This invention is adapted to be embodied in a jet propulsion unit for a watercraft or the like which comprises a water inlet portion through which water may be drawn from the body of water in which the watercraft is operating, an impeller portion containing a driven impeller for pumping the water and a discharge nozzle through which the water pumped by the impeller is discharged for propelling the associated watercraft. A conduit is connected to the jet propulsion unit for circulating at least a portion of the water pumped by the impeller to another location and a filter is provided in the conduit for precluding foreign particles from entering the conduit.
FIG. 1 is a side elevational view of a small watercraft constructed in accordance with an embodiment of the invention, with a portion broken away and shown in section.
FIG. 2 is an enlarged cross-sectional view taken through the jet propulsion unit.
FIG. 3 is an enlarged view taken of the area generally encompassed within the circle 3 of FIG. 2, but with the jet propulsion unit removed to more clearly show the conduitry for drawing off the external water.
FIG. 4 is an enlarged end elevational view of the filter constructed in accordance with an embodiment of the invention.
FIG. 5 is a side elevational view of the filter element.
FIG. 6 is a cross-sectional view of the filter element taken along the line 6--6 of FIG. 4.
FIG. 7 is an enlarged cross-sectional view taken along the line 7--7 of FIG. 2.
FIG. 8 is an elevational view taken in the direction of the arrow 8 in FIG. 7 and shows how the filter element is retained within the discharge conduit.
FIG. 9 is a view in part similar to FIG. 7 and shows the filter element before it is installed in the conduit.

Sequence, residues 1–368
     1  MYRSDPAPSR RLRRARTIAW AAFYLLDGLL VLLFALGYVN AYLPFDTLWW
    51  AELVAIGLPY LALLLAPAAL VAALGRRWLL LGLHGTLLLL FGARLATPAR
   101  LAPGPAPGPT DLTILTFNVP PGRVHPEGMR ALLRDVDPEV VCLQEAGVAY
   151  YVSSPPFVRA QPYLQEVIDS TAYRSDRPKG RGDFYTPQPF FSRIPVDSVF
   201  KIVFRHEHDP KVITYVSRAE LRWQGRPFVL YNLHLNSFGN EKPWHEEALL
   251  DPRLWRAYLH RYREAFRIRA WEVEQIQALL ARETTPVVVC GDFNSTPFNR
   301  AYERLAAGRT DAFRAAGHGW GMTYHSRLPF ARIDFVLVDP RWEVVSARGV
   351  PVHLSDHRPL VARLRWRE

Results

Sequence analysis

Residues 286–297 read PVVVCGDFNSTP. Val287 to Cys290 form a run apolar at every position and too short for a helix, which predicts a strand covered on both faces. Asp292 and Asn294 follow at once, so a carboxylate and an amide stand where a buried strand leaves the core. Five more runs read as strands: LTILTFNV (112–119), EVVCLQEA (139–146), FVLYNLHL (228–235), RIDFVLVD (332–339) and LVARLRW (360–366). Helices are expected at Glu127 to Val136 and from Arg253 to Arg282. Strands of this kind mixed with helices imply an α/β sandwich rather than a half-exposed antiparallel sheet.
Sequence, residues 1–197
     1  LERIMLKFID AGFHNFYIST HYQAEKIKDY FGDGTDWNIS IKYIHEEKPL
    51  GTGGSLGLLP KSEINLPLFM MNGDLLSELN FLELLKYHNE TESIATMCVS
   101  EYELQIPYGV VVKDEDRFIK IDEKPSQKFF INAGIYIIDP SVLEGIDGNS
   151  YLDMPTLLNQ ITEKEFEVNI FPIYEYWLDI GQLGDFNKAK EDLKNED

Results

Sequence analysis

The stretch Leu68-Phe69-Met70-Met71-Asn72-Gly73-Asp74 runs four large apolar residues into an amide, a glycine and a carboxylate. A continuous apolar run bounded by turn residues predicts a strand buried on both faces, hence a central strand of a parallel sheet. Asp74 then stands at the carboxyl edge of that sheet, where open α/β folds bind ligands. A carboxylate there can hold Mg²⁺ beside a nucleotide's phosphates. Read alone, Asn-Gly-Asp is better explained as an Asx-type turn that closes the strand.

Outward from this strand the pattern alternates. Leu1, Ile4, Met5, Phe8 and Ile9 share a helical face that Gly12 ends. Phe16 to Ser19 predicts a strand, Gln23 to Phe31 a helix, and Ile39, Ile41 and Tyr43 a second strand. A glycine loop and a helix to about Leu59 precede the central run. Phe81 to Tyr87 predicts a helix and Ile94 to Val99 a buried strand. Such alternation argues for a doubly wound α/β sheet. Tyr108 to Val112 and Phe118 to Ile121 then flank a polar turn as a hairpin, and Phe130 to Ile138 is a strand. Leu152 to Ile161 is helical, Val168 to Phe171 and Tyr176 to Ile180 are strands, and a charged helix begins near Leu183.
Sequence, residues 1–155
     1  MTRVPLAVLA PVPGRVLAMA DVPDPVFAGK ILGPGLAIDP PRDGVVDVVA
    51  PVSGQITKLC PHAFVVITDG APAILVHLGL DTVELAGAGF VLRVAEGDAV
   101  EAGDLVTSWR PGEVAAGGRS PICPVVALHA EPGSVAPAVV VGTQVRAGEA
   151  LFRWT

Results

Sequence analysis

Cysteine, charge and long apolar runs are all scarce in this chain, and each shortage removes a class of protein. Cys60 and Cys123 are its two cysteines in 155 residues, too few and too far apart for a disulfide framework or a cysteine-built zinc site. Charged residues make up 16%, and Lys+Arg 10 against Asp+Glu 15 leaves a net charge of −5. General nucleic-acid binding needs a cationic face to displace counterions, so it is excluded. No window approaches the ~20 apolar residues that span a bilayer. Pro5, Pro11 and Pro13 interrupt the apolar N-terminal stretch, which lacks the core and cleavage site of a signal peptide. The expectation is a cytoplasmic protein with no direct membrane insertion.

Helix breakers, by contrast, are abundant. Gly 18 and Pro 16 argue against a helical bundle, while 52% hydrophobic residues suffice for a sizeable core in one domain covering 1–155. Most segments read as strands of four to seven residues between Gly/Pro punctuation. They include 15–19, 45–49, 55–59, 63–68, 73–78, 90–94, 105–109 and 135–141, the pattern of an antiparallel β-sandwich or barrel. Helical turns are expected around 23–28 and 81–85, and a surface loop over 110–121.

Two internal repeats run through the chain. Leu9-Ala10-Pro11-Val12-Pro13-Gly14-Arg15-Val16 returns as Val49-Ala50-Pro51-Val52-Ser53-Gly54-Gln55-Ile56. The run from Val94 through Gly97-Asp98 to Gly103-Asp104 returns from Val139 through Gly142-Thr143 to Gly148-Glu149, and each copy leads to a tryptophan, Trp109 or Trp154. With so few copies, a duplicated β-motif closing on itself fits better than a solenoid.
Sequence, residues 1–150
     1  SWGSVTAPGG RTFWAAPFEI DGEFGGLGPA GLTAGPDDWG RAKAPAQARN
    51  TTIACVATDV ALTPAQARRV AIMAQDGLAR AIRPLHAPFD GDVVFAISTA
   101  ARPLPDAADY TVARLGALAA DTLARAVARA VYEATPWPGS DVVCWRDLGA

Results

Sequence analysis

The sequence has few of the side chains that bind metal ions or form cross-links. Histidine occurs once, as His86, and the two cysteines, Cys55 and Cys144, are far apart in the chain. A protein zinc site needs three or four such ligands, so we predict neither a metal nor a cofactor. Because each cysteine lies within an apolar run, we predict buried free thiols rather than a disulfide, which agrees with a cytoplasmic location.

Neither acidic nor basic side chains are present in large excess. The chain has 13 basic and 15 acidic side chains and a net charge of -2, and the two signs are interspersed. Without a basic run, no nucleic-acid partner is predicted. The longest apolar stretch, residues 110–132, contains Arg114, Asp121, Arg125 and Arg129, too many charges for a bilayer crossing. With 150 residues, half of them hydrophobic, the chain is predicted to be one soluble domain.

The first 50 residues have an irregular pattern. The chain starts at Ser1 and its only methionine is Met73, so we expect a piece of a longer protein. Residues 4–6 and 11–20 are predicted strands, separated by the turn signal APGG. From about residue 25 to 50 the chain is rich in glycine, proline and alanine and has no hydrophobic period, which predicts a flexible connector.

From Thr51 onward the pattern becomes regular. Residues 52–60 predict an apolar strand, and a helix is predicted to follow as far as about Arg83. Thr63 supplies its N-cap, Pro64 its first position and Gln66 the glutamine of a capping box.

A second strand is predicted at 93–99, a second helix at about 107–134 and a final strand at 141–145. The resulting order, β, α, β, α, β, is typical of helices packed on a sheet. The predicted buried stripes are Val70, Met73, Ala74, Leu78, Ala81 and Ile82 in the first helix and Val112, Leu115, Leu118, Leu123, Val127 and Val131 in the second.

FIG. 10 is a cross-sectional view, in part similar to FIGS. 7 and 9, and shows the filter element partially installed in the conduit.
Referring first in detail to FIG. 1, a small personal watercraft propelled by a jet propulsion unit constructed in accordance with an embodiment of the invention is identified generally by the reference numeral 11. The watercraft 11 which is illustrated is one of many types of watercraft which may be powered by jet propulsion units embodying the invention. For that reason, the construction of the watercraft 11 will be described only generally, inasmuch as those skilled in the art will readily understand how the invention can be utilized with a wide variety of other types of watercraft.
The watercraft 11 is comprised of a hull assembly, indicated generally by the reference numeral 12, which may be made of one or more parts formed from a material such as a molded fiberglass reinforced resin and which parts are secured to each other in a suitable manner. A passenger's area is provided to the rear and center of the hull 12 and provides a seat 13 that is designed to accommodate at least one rider seated in straddle fashion, such rider being shown in phantom and identified by the reference numeral 14. A mast 15 is provided forwardly of the seat 13 and carries a handlebar assembly 16 by which the rider 14 may control the watercraft.